Senate approves Rossi bill to preserve state parks

  • Friday, April 7, 2017 12:00pm
  • News

Special to the Reporter

On April 5, the Senate passed Sen. Dino Rossi’s bipartisan proposal to help secure the future of Washington’s state parks and establish a reliable source of funding for park preservation, maintenance and improvements. The bill, which required 30 votes to pass, was adopted by a vote of 36 to 12.

“I’m the youngest of seven, raised on a Seattle public-school teacher’s salary, and we spent my youth camping, fishing and hiking throughout the state of Washington, so these parks were very important to my family,” said Rossi, R-Sammamish. “We weren’t alone. Thirty-three million visits to our parks happen each year. It’s an economic engine that generates 1.4 billion dollars per year.

“Washington state parks are a signature of who we are as Washingtonians; yet they are more than a half a billion dollars in disrepair, and it’s embarrassing. Our parks have to be functioning. I’m pleased that my Senate colleagues, including 11 Democrats, agree that we must make a commitment to start addressing this problem now.”

Washington has 125 developed state parks, covering 125,000 acres. The State Parks and Recreation Commission estimates there is a $500 million backlog of deferred maintenance on existing facilities. The estimate is the result of an agency review of existing facilities and identifying upgrades necessary to maintain public access.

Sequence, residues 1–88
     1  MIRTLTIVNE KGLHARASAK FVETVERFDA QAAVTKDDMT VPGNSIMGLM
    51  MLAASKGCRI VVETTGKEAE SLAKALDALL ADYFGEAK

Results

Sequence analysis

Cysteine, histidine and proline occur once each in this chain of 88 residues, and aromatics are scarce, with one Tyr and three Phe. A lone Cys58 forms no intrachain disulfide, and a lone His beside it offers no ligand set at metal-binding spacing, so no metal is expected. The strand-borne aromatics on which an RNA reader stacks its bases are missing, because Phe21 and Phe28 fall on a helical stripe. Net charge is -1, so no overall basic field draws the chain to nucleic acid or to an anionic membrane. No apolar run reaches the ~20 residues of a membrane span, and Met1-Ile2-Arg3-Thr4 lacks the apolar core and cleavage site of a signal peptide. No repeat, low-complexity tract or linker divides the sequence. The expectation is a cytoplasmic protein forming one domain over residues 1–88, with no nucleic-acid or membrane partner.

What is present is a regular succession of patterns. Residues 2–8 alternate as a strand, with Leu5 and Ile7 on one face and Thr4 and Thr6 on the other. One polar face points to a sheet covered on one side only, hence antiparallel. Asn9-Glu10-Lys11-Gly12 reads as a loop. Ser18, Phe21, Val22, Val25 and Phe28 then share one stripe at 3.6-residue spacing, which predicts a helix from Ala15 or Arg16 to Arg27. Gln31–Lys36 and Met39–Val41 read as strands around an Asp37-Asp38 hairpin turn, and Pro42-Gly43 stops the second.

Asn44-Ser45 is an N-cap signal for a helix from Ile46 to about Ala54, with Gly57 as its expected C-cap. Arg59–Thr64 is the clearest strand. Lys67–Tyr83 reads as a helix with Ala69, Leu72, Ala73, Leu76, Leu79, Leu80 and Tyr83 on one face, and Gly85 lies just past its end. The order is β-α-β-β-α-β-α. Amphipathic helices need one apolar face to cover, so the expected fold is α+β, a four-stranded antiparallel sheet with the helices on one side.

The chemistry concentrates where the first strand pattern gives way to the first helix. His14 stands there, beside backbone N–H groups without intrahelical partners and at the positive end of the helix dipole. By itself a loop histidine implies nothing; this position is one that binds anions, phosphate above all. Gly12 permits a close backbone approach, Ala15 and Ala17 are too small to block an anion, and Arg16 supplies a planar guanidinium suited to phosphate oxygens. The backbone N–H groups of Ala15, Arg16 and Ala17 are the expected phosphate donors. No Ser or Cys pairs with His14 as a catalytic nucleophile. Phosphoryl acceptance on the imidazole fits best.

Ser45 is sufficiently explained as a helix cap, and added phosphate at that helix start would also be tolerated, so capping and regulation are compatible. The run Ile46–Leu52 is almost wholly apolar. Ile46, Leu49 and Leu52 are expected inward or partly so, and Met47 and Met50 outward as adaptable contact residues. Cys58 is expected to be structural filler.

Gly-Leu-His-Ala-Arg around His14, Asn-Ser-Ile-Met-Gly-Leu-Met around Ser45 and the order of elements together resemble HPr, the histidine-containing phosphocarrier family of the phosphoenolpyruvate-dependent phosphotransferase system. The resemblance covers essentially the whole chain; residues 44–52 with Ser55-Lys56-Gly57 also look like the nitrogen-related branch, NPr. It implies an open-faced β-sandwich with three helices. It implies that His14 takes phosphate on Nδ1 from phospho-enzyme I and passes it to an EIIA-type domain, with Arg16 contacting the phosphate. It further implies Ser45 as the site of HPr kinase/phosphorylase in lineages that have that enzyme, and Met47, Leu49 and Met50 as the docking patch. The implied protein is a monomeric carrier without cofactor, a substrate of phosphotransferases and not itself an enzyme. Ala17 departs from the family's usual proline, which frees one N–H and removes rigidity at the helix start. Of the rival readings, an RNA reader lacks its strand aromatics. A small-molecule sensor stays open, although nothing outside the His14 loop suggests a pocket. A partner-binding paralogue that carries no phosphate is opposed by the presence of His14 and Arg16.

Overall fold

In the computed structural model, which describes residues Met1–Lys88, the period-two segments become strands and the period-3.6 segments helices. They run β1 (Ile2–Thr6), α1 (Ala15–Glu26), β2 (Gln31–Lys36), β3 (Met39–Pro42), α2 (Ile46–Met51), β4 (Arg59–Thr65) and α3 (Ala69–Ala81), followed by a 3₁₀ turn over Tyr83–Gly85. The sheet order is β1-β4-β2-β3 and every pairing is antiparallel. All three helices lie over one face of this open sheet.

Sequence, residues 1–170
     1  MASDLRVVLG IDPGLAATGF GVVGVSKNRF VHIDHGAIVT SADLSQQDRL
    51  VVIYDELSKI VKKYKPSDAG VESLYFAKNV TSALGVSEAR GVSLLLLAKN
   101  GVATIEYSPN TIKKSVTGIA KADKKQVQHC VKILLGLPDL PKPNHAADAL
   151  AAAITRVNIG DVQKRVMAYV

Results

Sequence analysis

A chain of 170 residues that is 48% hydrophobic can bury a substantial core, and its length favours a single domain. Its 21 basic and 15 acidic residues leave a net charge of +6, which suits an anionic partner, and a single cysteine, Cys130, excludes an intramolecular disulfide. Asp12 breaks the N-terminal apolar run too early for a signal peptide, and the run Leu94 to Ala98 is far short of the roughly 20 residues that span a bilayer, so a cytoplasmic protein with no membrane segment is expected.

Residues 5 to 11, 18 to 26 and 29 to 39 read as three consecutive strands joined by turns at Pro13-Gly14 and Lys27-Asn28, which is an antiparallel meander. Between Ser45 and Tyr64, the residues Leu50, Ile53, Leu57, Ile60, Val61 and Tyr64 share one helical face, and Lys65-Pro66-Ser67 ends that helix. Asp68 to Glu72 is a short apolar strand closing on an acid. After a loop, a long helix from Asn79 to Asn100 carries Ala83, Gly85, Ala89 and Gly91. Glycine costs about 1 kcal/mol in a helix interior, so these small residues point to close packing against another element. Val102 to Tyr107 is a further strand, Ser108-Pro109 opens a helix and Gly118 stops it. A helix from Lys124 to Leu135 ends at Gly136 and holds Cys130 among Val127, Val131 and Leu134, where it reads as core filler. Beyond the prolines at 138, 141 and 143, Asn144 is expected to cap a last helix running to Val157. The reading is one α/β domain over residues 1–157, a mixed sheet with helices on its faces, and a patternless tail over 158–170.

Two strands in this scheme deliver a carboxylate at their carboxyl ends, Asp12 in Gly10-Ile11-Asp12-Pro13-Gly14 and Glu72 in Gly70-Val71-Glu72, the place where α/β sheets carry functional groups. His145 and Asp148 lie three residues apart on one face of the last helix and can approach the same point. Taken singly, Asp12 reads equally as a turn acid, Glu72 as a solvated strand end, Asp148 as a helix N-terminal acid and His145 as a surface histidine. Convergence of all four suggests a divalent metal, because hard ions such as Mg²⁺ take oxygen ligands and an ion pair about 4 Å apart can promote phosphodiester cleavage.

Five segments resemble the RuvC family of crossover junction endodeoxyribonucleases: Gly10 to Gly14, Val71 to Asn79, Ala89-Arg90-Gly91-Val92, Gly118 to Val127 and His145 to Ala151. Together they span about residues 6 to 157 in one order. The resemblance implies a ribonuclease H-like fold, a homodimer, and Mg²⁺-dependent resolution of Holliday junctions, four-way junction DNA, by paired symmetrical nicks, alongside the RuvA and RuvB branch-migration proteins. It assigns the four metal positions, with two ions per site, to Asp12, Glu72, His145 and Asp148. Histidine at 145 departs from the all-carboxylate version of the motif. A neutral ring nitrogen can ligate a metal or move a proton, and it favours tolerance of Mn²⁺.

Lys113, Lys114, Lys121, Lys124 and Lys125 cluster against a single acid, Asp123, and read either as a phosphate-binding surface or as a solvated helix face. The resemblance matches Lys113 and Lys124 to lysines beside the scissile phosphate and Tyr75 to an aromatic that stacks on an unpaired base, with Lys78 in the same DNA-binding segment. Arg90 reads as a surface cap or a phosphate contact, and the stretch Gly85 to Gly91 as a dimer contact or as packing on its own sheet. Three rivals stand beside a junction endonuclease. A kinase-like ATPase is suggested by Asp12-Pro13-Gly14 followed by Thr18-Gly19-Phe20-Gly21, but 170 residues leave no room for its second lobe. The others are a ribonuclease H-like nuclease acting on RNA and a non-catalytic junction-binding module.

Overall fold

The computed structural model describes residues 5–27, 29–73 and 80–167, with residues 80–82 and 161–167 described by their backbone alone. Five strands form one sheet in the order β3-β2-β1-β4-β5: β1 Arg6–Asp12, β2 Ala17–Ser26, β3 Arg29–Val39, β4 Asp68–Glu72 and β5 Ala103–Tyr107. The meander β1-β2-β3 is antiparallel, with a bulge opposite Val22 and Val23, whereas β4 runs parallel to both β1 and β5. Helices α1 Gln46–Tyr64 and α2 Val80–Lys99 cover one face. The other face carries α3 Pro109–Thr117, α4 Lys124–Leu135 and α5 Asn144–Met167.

Rossi’s proposal, Engrossed Substitute Senate Bill 5838, would authorize the State Finance Committee to issue state bonds, with the resulting revenue dedicated to addressing park maintenance and improvement measures through 2027. The bonds would be issued within the state’s existing debt limit, with proceeds deposited in a new account called the Daniel J. and Nancy Evans State Parks Preservation Account, after Washington’s 16th governor, who served three terms from 1965-77, and his wife.

“Governor Evans is an avid outdoorsman and conservationist, who during his years of service in state and federal government was dedicated to protecting our state parks,” said Rossi. “And as we all know, there is very little that we can accomplish down here without the love and support of our spouses. I can’t think of two better people to associate with a long-term infusion of support for our state-park system.”

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